This page contains a collection of introductory resources on critical theory. If you’re wondering what critical theory is all about, the following resources are a good place to start. The podcasts, videos, and short articles below are all aimed at complete beginners while the encyclopedia entries are more in-depth, academic, and informative. If you are looking for more substantial texts, try looking through the following course syllabi:
- CTSJ186: Introduction to Critical Theory – Occidental College
- CS500A: Introduction to Critical Theory – San Francisco Art Institute
- PHIL4804: Critical Theory – University of Central Florida
- Seminar in Frankfurt School Critical Theory
- PHIL343: Critical Theory: Immanent Critique – University of Oregon
- ENG211: Introduction to Critical Theory and Practice – University of British Columbia
When looking for information on a new topic, some people are looking for a short beginner-friendly overview, others prefer in-depth and more academic articles. Some people prefer to watch videos, others prefer listening to podcasts. This collection of resources aims to make learning about critical theory as easy as possible by allowing each individual to choose the educational resources that are the difficulty, length, and format they like the most.
Podcasts generally offer easy introductions to a subject. Length of episode is shown in brackets.
- The Frankfurt School – In Our Time [45:00]
- Adorno on the Culture Industry (Part One) – Partially Examined Life [55:12]
- Adorno on the Culture Industry (Part Two) – Partially Examined Life [1:18:37]
- The Frankfurt School – Philosophize This! [30:25]
- The Frankfurt School in Exile – New Books Network [1:13:38]
- Always Already – A critical theory podcast
These videos are also generally easy introductions. Length of video also in brackets.
- Rick Roderick on Marcuse – One Dimensional Man [45:22]
- Herbert Marcuse and the Frankfurt School (1977) – Bryan Magee Interview [44:05]
- The Frankfurt School of Critical Theory – Yale Courses [51:36]
- Radical thinkers: Max Horkheimer’s Critique of Instrumental Reason – The Guardian [4:20]
- Sociology – Theodore Adorno – The School of Life [7:36]
- Cultural Marxism and Political Correctness – Philosophy Tube [7:42]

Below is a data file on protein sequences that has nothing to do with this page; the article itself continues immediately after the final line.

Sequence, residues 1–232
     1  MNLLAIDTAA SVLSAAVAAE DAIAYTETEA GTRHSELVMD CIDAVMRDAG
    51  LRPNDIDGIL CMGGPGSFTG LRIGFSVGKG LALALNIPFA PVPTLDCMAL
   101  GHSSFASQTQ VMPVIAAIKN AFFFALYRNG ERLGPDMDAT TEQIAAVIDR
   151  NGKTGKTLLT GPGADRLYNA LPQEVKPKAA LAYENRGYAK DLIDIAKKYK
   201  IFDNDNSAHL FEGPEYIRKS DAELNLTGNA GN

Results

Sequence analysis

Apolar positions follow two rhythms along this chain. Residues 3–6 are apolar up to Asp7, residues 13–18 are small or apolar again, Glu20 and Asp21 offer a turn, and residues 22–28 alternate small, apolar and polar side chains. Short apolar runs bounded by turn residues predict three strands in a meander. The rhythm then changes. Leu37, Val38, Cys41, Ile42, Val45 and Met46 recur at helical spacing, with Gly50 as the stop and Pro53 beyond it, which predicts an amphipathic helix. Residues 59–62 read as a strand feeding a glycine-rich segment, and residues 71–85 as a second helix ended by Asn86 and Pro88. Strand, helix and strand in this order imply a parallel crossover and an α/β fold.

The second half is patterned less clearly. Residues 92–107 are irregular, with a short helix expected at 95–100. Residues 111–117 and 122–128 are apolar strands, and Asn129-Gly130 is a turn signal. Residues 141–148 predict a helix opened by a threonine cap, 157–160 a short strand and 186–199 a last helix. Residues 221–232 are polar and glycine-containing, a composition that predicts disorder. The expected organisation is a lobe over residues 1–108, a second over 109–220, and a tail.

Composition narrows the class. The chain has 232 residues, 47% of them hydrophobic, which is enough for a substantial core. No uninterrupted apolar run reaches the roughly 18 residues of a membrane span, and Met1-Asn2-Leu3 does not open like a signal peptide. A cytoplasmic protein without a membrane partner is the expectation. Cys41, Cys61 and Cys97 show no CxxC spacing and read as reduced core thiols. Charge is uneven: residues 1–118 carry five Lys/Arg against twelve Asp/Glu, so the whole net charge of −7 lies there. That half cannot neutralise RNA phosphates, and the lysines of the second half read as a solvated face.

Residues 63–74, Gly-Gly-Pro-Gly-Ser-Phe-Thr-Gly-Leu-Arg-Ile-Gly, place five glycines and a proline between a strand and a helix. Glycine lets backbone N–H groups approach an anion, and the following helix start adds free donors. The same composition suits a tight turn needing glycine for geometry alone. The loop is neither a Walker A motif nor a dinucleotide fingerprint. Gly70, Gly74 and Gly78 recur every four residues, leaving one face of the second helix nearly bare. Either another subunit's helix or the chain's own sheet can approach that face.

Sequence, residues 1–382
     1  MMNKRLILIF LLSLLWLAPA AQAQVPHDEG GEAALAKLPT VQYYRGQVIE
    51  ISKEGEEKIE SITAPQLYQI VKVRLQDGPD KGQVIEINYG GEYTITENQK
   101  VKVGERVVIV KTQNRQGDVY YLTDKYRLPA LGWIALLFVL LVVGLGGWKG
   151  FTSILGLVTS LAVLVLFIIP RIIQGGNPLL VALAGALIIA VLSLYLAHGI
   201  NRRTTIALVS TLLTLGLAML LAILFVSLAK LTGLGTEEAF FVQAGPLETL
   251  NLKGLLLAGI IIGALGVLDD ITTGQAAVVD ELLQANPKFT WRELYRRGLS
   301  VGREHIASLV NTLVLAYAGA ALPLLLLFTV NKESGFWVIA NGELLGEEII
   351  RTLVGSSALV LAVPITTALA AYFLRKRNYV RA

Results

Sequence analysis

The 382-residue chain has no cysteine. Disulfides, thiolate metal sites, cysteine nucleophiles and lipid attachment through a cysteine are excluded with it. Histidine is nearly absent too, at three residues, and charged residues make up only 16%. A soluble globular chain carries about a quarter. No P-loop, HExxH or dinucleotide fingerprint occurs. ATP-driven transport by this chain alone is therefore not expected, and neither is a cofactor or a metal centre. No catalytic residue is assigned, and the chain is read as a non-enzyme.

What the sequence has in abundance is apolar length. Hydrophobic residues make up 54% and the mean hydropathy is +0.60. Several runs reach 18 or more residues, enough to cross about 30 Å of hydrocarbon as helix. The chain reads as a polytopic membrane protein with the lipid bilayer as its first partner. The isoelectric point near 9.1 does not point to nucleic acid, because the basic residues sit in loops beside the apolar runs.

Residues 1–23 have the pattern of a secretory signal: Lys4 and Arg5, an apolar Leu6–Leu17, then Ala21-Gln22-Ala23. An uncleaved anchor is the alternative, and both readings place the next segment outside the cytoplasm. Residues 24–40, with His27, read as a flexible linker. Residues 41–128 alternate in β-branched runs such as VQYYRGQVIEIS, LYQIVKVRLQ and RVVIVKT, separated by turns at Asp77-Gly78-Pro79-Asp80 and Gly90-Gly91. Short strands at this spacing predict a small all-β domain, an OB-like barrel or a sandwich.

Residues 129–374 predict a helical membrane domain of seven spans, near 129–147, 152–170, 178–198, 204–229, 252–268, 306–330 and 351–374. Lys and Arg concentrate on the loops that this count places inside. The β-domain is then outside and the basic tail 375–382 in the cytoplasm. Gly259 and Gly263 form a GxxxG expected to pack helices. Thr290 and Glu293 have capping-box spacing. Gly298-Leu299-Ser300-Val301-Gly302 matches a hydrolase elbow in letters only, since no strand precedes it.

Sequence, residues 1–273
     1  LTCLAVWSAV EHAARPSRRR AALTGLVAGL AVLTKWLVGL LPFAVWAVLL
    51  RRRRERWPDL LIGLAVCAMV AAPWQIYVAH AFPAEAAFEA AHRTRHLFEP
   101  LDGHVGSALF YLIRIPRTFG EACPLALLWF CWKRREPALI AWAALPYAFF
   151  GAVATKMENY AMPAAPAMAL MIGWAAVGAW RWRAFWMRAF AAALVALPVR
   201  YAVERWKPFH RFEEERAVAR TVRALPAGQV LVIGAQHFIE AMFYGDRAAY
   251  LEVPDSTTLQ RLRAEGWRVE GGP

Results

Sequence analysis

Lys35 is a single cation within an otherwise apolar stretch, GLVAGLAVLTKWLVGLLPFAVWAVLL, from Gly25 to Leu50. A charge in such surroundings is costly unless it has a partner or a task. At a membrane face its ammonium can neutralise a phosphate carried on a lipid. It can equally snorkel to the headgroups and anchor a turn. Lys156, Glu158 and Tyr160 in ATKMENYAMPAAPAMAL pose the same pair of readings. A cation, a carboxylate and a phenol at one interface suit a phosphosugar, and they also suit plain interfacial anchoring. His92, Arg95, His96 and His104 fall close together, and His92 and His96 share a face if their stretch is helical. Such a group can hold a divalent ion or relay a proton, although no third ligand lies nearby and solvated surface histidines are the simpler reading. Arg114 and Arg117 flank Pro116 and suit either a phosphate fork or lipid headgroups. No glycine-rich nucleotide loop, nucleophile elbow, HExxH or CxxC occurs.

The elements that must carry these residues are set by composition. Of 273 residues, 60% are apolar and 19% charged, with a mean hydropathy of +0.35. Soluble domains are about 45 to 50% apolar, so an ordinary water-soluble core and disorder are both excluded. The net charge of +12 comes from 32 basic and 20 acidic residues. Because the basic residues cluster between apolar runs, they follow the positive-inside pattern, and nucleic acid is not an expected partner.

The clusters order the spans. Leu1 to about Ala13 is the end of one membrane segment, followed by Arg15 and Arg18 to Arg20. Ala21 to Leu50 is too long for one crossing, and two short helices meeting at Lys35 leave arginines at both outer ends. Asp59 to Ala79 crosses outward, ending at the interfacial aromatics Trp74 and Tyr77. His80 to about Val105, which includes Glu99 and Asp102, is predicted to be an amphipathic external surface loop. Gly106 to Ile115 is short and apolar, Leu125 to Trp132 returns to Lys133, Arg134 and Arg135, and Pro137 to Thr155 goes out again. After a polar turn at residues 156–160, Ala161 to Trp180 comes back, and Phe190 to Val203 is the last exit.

These are short, easy articles. They are for the most part written by academics while being aimed at a general audience.
- Why a forgotten 1930s critique of capitalism is back in fashion – Stuart Jeffries | The Guardian
- The Frankfurt School Knew Trump Was Coming – Alex Ross | The New Yorker
- How the Frankfurt School diagnosed the ills of Western civilisation – Stuart Walton | Aeon
- ‘Cultural Marxism’: a uniting theory for rightwingers who love to play the victim – Jason Wilson | The Guardian
- If you want to understand the age of Trump, you need to read the Frankfurt School – Conversation with Stuart Jeffries | Vox
- Cultural Marxism and our current culture wars: Part 1 – Russell Blackford | The Conversation
- Cultural Marxism and our current culture wars: Part 2 – Russell Blackford | The Conversation
- The philosopher who was too hot for playboy – Christopher Pollard | The Conversation
- The Naysayers – Alex Ross | The New Yorker
- Understanding Critical Theory – Ashley Crossman | ThoughtCo.
These are longer, more academic articles. They are more rigorous and reliable but may be difficult and/or dull for beginners.
- Critical Theory – Stanford Encyclopedia of Philosophy
- Theodore W. Adorno – Stanford Encyclopedia of Philosophy
- Herbert Marcuse – Stanford Encyclopedia of Philosophy
- Max Horkheimer – Stanford Encyclopedia of Philosophy
- Walter Benjamin – Stanford Encyclopedia of Philosophy
- The Frankfurt School and Critical Theory – Internet Encyclopedia of Philosophy
- Theodore Adorno – Internet Encyclopedia of Philosophy
The Daily Idea was created to help make learning about philosophy as easy as possible by collecting the best philosophy articles, videos, podcasts, and book recommendations from across the internet and organizing them into one place. You can find a collection of links to these resources and recommendations here or try taking the 52 Book Philosophy Challenge.